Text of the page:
Papyrus for the People
An overview of the project.
The project aimed to improve understanding of, access to, and care of the museum’s collection of ancient written texts on papyrus and pottery/stone fragments (ostraca). By improving the understanding of this valuable material, promoting its relevance, and celebrating its significance the project demonstrates the long-term future sustainability of such specialist museum collections as The Petrie collections.
A key aim of this project was to make translations of these ancient texts more accessible to and more understandable for a wider audience including public audiences. Working with a group of specialists in ancient texts (Hieratic, Demotic, Greek, Coptic & Arabic) an initial scope of the character of the written material in the collection was identified, summarised and technical accounts published to improve database records with non-specialist users in mind. Translators collaborated with the project team to identify examples that have the potential for exhibition and open access publication. Creating clearer paths into searching online are in progress to allow for stimulating research into gender inequality, and sexuality allowing a broader range of use from across the disciplines at UCL and external including art and drama and external source communities. Accompanying higher quality photography of newly conserved papyri has also been a priority to be made fully accessible on the online database to accompany more user-friendly descriptions, further facilitating the opportunities for future research from those unable to visit the museum.
Specialist conservation work was carried out to re-tape the glass to protect those accessing the papyri from the glass jagged edges. The pottery stone fragments of ostraca have now been packaged into plastazote a soft casing material minimising damage to the objects as drawers are opened and closed. For papyri not on display new visible storage units are now in place which provide a safe conservation environment making access to them much easier for staff and researchers alike.
Curating and exhibiting ….
New cases for the display of the papyri are also in place offering news ways of linking the papyri texts with objects in the collection demonstrating the importance of the value of ancient texts in evidencing objects and their use. The current exhibition looks at the role of women in Ancient Egypt and links pottery examples to references in papyri.
Programming and engaging audiences…
The newly translated papyrus collections have offered rich and varied source material for a diverse set of collaborators. There have been open evenings and days for general public offering a chance to find out about what papyri and ostraca are, what materials are they are made from and what do they tell us. These behind the scenes events offered a glimpse of working practices in a museum and a chance to ask questions to the project team directly.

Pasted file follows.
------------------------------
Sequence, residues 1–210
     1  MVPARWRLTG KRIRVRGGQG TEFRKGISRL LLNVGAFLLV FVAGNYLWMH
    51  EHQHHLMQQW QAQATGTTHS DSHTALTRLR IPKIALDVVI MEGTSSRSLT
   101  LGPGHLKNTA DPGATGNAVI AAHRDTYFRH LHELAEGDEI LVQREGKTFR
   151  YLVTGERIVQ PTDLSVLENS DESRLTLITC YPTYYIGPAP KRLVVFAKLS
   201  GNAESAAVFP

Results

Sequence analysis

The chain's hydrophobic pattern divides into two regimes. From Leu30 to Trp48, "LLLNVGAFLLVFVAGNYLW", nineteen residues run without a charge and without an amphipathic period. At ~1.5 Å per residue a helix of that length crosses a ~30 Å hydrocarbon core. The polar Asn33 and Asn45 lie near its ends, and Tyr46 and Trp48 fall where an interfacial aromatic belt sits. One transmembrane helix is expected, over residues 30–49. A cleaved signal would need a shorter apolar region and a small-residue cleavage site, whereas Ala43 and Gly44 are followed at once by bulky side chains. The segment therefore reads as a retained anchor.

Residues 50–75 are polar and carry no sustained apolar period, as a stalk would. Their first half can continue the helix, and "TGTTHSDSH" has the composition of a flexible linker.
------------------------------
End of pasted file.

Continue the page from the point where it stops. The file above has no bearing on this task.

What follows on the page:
Family activities run during the summer holidays in 2017 focused on offering a chance to make your own shadow puppet and a chance to be creative and imaginative and explore the nature of storytelling in ancient Egypt.
Readings of actual papyrus tales in a performance format ran during the 2017 October half term for both families in the afternoon and for adults in the evening. The format brought the stories to life and gave insight into the role of these texts in ancient Egyptian culture. Halloween in October 2017 provided a chance to look at examples of film, television and literature that went influenced by papyrus narrative tales and references to cursing, spells and incantations. During November and December 2017 ‘Curses!’ ran in collaboration with Bompas & Parr, alumni of UCL, who took the idea of cursing and threat found in papyri to produce an innovative and immersive audio tour ending in a cursed experience. This proved very popular and bought a completely new audience to the Petrie. The launch night offered talks and workshops inspired by the context of papyri from making your own curse doll
and delivering a threat! These sessions proved very popular and generated more knowledge and understanding on the difference between cursing and threats in an ancient context. A series of Lost Skills workshops (Nov- Dec 2017) focused on the nature of some of the papyri that offered insights into shopping lists, wills and letters that have similarities with contemporary life. Working with UCL academics from legal, psychology and letter archivists, we ran a series of lunchtime sessions on the art of letter writing and the psychology of list making.
Our ‘Women in Egypt’ event (March 2018) tied in with the Suffrage centenary and the Vote 100 celebrations, gave an insight into the role of women in ancient Egypt outside the home as referenced in the papyri. Two performances inspired by the papyrus unveiled a new piece from performance artist Laura Wilson’s residency at the Petrie 2017/18. The project gave Laura a chance to work with conservators, translators to explore and produce a piece based on one specific text relating to stone quarries and workers. Entitled ‘The Stone Draggers, 2018’, the work explores the nature of the papyri, many of which describe labour, crafts people and every day human interaction. University of East London MA drama students have worked with the project team to produce 'Revival: performing papyrus'; a series of devised pieces created by the MA students as a response to The Petrie Museum's new papyrus exhibition. These pieces re-interpret and re-stage narratives found within the collection of papyri, as well as interpreting issues connected to the exhibition such as Margaret Murray's research on British witchcraft, and ancient Egyptian forms of ritual. In May, Central St Martin’s unveiled their art works in an exhibition inspired by their exploration of both the content of the papyrus and the conservation of materials in museums.